Monday, June 27, 2011

Baked Camembert with Thyme and Garlic

With both Mrs. BA and I working all week, we tend to do our grocery store shopping on the weekends. I have never gotten into the whole grocery delivery thing - I like going to the grocery store. Sometimes, evening runs to the grocery store are what happens. Mrs. BA stays home with the boys and gets them ready and off to bed and I come home with dinner. For her (and if I have gone to Wegmans) that may mean some Brie and a baguette for dinner. So here's a recipe just for her, but feel free to use it yourself.

Baked Camembert with Thyme and Garlic
[from Epicurious]

[from the author] This recipe is a favorite of mine on a cold winter's night as it always reminds me of times with friends when we would ski and snowboard all day then sit by a log fire and eat and drink all night. If you don't have maple syrup on hand, use a spoonful of honey instead.
Yield: Serves 4

  • 1 x 9oz camembert in its wooden box
  • 1 garlic clove, peeled and sliced into matchsticks
  • 1/2 teaspoon fresh thyme leaves
  • 1 tablespoon maple syrup
  • 1 small baguette, cut into 1/2 in slices
  • 2 tablespoons olive oil, plus extra for brushing
  • crushed sea salt
Preheat the oven to 400°F. Remove the camembert from the box and discard any wax paper packaging. Take a 10-inch square of foil and place in the box. Place the camembert inside.

Pierce the top of the camembert with the tip of a knife and push in the slices of garlic. Sprinkle the thyme leaves over the top and drizzle with the maple syrup. Loosely scrunch the foil up over the cheese. Set aside.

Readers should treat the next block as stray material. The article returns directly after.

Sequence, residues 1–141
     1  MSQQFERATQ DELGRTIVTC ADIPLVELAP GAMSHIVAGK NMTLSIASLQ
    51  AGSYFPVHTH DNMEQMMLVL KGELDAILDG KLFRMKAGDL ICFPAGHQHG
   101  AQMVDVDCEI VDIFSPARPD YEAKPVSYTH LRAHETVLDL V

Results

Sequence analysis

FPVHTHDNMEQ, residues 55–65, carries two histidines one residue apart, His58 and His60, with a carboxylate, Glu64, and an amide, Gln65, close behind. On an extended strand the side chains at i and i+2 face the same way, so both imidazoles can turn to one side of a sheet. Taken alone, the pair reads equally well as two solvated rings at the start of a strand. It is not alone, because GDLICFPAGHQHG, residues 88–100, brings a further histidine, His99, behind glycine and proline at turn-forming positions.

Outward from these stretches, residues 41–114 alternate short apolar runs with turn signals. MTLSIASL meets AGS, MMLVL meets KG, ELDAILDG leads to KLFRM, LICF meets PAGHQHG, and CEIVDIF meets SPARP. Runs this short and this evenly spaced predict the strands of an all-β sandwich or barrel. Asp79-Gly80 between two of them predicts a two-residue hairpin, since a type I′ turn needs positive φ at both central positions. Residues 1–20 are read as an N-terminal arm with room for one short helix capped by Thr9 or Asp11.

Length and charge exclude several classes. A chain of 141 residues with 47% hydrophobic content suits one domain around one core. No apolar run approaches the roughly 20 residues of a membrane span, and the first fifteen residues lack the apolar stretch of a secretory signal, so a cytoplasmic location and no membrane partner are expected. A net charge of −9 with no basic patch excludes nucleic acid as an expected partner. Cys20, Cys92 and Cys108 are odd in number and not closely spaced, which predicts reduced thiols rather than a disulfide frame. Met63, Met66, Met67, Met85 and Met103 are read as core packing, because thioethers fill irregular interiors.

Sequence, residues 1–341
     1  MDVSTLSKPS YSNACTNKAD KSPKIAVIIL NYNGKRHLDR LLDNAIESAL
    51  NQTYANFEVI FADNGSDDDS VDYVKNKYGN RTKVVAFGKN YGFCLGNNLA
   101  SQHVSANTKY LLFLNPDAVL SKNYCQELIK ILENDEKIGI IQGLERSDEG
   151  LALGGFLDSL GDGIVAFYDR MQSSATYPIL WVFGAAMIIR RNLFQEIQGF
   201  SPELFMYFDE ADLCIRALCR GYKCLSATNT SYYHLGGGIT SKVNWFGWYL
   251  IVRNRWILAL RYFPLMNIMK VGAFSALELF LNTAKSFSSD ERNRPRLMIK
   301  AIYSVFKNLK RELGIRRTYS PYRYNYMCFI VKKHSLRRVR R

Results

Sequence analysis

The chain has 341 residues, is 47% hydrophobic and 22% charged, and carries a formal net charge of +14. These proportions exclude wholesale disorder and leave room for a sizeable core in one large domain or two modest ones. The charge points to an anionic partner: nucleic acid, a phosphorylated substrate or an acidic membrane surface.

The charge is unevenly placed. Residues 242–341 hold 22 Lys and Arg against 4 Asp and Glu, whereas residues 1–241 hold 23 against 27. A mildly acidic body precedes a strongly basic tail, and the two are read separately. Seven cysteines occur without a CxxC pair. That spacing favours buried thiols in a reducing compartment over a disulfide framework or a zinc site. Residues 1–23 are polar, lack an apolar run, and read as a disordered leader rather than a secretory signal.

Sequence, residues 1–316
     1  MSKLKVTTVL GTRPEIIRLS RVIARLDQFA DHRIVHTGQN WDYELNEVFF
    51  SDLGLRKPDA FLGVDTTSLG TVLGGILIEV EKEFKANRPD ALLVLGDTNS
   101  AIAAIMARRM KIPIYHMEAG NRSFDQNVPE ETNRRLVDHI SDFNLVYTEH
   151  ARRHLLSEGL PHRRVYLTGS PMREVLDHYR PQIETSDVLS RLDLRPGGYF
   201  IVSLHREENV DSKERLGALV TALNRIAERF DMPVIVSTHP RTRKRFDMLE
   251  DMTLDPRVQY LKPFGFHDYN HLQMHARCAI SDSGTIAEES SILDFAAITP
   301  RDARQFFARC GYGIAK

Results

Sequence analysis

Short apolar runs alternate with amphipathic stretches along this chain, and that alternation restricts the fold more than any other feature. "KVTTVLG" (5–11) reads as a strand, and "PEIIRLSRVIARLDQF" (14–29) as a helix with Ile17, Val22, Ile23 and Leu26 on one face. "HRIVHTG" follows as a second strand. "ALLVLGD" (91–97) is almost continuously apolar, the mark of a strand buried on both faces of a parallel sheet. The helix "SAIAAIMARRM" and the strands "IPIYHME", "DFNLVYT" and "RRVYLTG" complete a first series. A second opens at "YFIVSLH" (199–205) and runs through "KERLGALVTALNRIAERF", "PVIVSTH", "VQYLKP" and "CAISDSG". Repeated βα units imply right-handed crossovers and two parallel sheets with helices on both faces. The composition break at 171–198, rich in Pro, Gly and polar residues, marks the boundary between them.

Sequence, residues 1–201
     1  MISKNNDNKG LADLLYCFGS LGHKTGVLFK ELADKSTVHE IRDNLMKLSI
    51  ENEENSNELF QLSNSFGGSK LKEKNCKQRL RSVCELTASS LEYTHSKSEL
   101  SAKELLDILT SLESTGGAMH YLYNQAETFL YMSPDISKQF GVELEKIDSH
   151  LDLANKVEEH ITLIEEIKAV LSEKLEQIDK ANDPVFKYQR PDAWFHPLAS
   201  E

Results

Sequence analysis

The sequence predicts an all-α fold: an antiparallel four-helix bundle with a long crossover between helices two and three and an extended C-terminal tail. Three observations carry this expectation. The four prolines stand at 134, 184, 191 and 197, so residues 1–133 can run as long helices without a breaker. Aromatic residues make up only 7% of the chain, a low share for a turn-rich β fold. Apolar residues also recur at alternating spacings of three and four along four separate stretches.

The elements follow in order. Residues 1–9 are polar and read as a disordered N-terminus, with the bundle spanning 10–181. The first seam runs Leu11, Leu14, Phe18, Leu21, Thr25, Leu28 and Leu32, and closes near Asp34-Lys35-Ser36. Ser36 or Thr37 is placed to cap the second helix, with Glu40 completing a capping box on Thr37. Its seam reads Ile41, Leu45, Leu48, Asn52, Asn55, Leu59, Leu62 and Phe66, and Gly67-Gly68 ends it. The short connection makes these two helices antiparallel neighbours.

Brush two 12-inch square sheets (the size of your baking sheet) of parchment paper with oil. Line a baking sheet with one of the oiled parchment sheets, oil-side up. Spread the slices of baguette over the sheet. Drizzle with olive oil and sprinkle with crushed sea salt. Place the remaining sheet of parchment, oil-side down, over the bread.

Place in the oven with the camembert and cook both for 10 to 12 minutes until the cheese has risen and the bread is crisp. Open up the foil and dip in the hot baguette for a simple snack. Delicious!

Source Information
From Take 5 Ingredients: 95 Delicious Dishes Using Just 5 Ingredients by James Tanner.

Monday, June 20, 2011

Malt Shoppe Memories Ice Cream Cookie Cake

Yesterday was Father's Day, and there was no Carvel Ice Cream Cake to celebrate. I was however working at the United States Open (golf) at Congressional Country Club. This cake however would appear to likely rival the Carvel cake, right down to the chocolate crunchies. I don't normally like to post recipes that use pre-mixed stuff, but I'm making an exception here. It was a 2010 Prize Winning Recipe from Betty Crocker!

  • 1 pouch (1 lb 1.5 oz) Betty Crocker® double chocolate chunk cookie mix
  • 2/3 cup chocolate-flavor malted milk powder
  • 1/3 cup vegetable oil
  • 2 tablespoons water
  • 1 egg
  • 1/2 cup hot fudge topping
  • 1 cup crushed chocolate-covered malted milk balls
  • 2 cups vanilla ice cream, softened
  • 2 cups chocolate ice cream, softened
  • 1 cup frozen whipped topping, thawed

  1. Heat oven to 350°F. Lightly spray 10-inch springform pan with cooking spray. Or line 9-inch square baking pan with foil, leaving about 2 inches of the foil overhanging sides of pan; lightly spray with cooking spray.
  2. In large bowl, stir cookie mix, 1/3 cup of the malted milk powder, oil, water and egg until soft dough forms. Press 1/2 of dough into bottom of pan. Bake 12 to 13 minutes or until set. Cool completely, about 30 minutes.
  3. Meanwhile, press remaining 1/2 of the dough into 10-inch circle on large ungreased cookie sheet. After removing cookie crust in springform or 9-inch pan from oven, bake dough on cookie sheet 12 to 13 minutes or until set. Cool 5 minutes; remove from cookie sheet to wire rack. Cool 15 minutes.